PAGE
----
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Thread: Testing Protective-Mask Materials

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    Administrator lpetrich's Avatar
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    Post Testing Protective-Mask Materials

    What Are The Best Materials for Making DIY Masks? - Smart Air Filters
    notes
    (PDF) Testing the Efficacy of Homemade Masks: Would They Protect in an Influenza Pandemic? - some work back in 2013

    A surgical mask performed very well, with only a vacuum cleaner bag being comparable. But it was much more difficult to breathe through a VCB than through a SM. A cotton T-shirt captured 2/3 of 1-micron particles and 1/2 of 0.02-micron particles -- and was like the SM in breathability.

    The Ultimate Guide to Homemade Face Masks for Coronavirus - Smart Air Filters

    Expands on that work with some homemade test equipment - "Henderson apparatus". The experimenters did tests on 30 different materials, 3 times how many the Cambridge ones tested -- and likely much more representative.
    Results: Ebola-Sized Particles (1 micron)

    For Ebola-sized particles, the N95 mask, surgical mask, and HEPA filter performed best, capturing over 99% of particles 1.0 micron and above. Next up, the HERO coffee filter captured 98%. Paper towels, canvas, denim, and the cotton bed sheet also captured more than 90%.

    All materials were far better than nothing; most blocked over 50% of particles. But the four worst-scoring materials were the wool scarf, polyester neck warmer, cotton bandana, and light scarf.

    Results: Smallpox-Sized Particles (0.3 microns)

    For 0.3-micron particles, there was a much wider range in effectiveness. The N95 mask, HEPA filter, and surgical mask still did best, all capturing over 75%. However, the materials consistently captured fewer smaller particles than larger particles.

    Among the household materials, the HERO coffee filter came up next in the list, capturing 62%. But only four other materials filtered more than 48%: the 40D nylon, CHEMEX coffee filter, the dish towel, and canvas.

    Some materials were only slightly better than nothing. The bandana, neck warmer, scarves, cleaning cloths, and 100% cotton T-shirt all captured less than 10%.
    Scarves were among the worst. Natural fibers did better than synthetic ones, because they are rougher, meaning that they are better at capturing stuff.

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    Veteran Member seyorni's Avatar
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    Thanx, interesting article.

    Even the best material won't do well if it doesn't fit. I see masks all the time being worn with big gaps around the nose and the cheek sides pooched out. What really baffles me are the masks being worn only over the mouth.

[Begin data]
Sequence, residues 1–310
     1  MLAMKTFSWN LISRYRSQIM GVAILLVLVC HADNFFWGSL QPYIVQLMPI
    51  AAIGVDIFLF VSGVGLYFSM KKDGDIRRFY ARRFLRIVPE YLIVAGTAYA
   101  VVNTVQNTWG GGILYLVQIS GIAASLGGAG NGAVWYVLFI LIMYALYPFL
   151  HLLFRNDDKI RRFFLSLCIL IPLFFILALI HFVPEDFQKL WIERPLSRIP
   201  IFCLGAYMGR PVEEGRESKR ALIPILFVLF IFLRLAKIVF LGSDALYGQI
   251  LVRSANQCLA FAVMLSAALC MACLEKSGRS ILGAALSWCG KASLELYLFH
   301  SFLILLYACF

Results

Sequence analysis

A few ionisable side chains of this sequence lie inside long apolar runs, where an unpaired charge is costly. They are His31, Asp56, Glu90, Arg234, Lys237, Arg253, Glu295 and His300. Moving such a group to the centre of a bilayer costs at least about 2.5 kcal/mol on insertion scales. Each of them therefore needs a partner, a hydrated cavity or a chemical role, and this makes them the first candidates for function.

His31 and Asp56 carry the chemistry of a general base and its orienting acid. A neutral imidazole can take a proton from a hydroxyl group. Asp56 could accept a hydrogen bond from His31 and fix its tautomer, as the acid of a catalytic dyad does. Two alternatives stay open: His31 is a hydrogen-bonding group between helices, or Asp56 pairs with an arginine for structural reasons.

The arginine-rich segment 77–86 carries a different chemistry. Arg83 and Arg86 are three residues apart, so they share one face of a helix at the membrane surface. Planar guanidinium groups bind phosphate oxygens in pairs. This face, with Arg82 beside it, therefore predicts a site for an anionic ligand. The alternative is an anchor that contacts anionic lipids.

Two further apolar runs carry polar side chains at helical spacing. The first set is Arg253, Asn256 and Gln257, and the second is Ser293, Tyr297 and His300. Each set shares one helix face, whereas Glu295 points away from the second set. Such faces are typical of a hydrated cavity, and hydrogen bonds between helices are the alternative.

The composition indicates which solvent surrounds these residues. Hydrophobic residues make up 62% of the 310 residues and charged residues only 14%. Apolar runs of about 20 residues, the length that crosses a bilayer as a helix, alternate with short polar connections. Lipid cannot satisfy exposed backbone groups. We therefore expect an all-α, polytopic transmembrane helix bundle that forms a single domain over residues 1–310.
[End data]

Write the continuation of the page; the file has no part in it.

What the heck?!

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    Administrator lpetrich's Avatar
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    A big problem with some of the materials tested is that they are difficult to breathe through. So the testers constructed a test of that: find out how much pressure is necessary to keep some amount of airflow through each material. Too much means too difficult to breathe through.

    Not surprisingly, the best materials for stopping particles were also the worst for breathing through.
    The double layer 100% cotton T-shirt, bra pad, 70D nylon, paper hand drying towel, cotton bed sheet (120 thread) and denim (10oz) all fell between the breathability of the surgical mask and N95 mask.
    Then a lighting test -- one which wasn't very good, it seemed to me. Their recommended materials:
    • Denim (10oz)
    • Bed sheets (80-120 thread)
    • Paper towel
    • Canvas (0.4-0.5mm thick)
    • Shop towels

    P.S. What is 10 ounce denim anyway?

    Denim is typically measured in weight per square ounce. A square yard of 10oz denim would weigh 10oz. Anything under 12oz is considered ‘lightweight’ for denim pants, so you can think of the 10oz denim we tested as being similar to that from lightweight jeans.
    I've downloaded the image files and I'll be OCRing them to get their numbers. I'll then use Mathematica to compare the different measurements to each other.

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    Administrator lpetrich's Avatar
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    I couldn't find any algorithm-complexity options for Mathematica's Predict[] function, because with enough parameters, one can fit *anything*.

    Here are my results. I used the function's default algorithm settings, like automatic choice of algorithm.

    For predicting 0.3 um from 1.0 um results:
    • Algorithm: Nearest Neighbors
    • Trained on all: 5.95
    • Runs: 100
    • Trained on 1/2: 7.28 +- 5.29
    • Tested on rmdr: 13.73 +- 4.55

    For predicting breath from 1.0 um results:
    • Algorithm: Linear Regression
    • Trained on all: 1.38
    • Runs: 100
    • Trained on 1/2: 1.29 +- 0.35
    • Tested on rmdr: 1.52 +- 0.28

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